12: The Dynamics of Change

The Dynamics of Change

Physical Changes


The gestation of a human being lasts approximately 9 months and begins at the moment the mother’s ovum is fertilized by the father’s sperm cell. At this moment of penetration of the ovum wall, the sperm releases 23 chromosomes into the ovum, which also releases from a dissolving nucleus 23 chromosomes of its own. The human infant begins life with these 46 chromosomes. The fertilized cell begins to expand by the process of mitosis. The first division of the fertilized ovum into two cells usually takes place in 24 to 36 hours.

The time from conception to birth is often described in three phases. The first phase, the period of the ovum, is measured from fertilization to implantation. This period lasts until the dividing ovum, or blastocyst, becomes attached to the wall of the uterus. This period lasts for approximately 10 to 14 days. The next period lasts 2 to 8 weeks and is called the period of the embryo. This period is most important because of the cell differentiation that occurs during this time. It is during this period that all the major organs appear. The third and last period, which starts at 8 weeks and lasts until delivery at approximately 40 weeks, is called the period of the fetus. This period is characterized by maturation of the newly formed organs.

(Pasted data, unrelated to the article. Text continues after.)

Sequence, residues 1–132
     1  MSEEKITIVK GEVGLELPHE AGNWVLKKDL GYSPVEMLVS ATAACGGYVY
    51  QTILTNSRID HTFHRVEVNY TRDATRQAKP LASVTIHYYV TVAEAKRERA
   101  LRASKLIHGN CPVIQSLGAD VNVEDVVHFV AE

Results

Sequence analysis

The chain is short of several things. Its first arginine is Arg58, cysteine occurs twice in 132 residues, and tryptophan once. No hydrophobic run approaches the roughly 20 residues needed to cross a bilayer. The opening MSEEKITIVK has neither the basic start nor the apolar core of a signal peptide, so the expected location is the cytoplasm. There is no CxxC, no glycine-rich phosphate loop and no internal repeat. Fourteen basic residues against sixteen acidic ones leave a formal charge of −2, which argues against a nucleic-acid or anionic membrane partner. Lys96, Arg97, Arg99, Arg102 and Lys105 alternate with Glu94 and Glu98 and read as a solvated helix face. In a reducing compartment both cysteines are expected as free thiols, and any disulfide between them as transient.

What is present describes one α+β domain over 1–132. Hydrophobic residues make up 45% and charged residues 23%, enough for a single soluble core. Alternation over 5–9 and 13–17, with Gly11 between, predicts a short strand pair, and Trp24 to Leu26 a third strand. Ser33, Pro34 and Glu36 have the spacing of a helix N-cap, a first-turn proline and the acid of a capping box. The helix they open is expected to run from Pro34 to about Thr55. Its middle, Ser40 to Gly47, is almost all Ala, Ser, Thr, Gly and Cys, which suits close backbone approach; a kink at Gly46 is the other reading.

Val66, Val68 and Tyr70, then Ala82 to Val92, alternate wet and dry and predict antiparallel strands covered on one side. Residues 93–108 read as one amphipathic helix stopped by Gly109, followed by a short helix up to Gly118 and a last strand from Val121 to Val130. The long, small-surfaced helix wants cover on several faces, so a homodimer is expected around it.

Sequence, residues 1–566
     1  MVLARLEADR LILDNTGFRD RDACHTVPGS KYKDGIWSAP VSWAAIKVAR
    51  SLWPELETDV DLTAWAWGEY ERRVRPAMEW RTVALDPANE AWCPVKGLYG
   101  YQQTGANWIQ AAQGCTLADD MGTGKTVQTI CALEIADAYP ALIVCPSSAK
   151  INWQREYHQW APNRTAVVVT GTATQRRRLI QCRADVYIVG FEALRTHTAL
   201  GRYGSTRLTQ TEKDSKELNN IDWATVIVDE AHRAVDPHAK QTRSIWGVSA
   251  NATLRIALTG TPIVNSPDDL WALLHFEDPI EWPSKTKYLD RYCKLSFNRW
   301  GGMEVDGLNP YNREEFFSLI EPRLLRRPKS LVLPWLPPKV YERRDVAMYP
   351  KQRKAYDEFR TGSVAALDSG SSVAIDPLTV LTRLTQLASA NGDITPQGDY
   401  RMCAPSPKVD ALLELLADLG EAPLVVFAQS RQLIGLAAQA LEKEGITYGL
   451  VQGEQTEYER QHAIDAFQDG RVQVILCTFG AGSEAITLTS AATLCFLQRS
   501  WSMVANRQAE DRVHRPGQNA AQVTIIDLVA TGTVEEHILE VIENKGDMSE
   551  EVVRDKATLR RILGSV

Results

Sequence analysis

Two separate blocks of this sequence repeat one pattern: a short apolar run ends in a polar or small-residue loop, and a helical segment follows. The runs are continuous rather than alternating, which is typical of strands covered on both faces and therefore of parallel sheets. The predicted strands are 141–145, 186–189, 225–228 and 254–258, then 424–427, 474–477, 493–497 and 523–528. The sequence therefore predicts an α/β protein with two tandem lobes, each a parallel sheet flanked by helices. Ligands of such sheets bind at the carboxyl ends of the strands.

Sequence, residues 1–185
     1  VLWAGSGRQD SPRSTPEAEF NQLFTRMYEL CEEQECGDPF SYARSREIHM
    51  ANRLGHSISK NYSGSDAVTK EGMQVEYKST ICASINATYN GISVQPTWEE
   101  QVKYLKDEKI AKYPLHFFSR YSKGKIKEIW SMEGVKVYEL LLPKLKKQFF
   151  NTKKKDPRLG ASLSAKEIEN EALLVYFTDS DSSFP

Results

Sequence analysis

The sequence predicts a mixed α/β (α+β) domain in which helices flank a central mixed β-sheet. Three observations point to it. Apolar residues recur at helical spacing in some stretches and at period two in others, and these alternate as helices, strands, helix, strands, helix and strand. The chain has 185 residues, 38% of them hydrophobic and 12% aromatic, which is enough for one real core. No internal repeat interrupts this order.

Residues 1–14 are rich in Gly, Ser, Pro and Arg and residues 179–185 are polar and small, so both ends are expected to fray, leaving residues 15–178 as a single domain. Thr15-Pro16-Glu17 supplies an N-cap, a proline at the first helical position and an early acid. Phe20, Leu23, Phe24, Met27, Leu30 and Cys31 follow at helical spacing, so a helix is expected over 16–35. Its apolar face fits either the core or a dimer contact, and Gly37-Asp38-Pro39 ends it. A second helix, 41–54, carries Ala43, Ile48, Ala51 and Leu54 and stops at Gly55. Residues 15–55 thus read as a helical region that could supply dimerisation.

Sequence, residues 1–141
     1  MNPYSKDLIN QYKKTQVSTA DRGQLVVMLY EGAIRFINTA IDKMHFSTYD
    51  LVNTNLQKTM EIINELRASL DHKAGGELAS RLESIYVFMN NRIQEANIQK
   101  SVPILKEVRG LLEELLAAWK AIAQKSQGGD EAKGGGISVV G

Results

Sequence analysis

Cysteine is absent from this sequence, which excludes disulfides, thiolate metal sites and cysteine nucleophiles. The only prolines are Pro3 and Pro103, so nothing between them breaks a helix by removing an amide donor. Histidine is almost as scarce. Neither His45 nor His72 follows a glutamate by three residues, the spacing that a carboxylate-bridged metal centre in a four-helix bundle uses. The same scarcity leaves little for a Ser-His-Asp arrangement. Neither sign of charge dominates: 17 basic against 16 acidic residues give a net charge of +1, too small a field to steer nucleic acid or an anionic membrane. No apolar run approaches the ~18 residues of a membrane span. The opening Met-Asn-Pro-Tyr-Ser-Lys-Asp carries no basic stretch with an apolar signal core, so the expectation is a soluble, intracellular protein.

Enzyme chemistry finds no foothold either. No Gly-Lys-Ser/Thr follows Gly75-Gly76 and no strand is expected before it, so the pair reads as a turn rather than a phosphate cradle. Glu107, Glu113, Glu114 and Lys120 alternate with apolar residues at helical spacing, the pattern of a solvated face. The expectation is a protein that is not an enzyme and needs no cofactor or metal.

Figure 12-1 shows the difference in the proportions of the fetus at 2 and 5 months, the newborn’s body, and the changes that are made during maturation. No year is more dramatic in terms of growth than the first year of life, during which most children undergo a 50% increase in length and almost a 200% increase in weight. Toward the end of the first year of life, the growth rate slows. After the first birthday, the growth rate stays very stable and the height and weight increments of the child remain relatively predictable all the way to adolescence.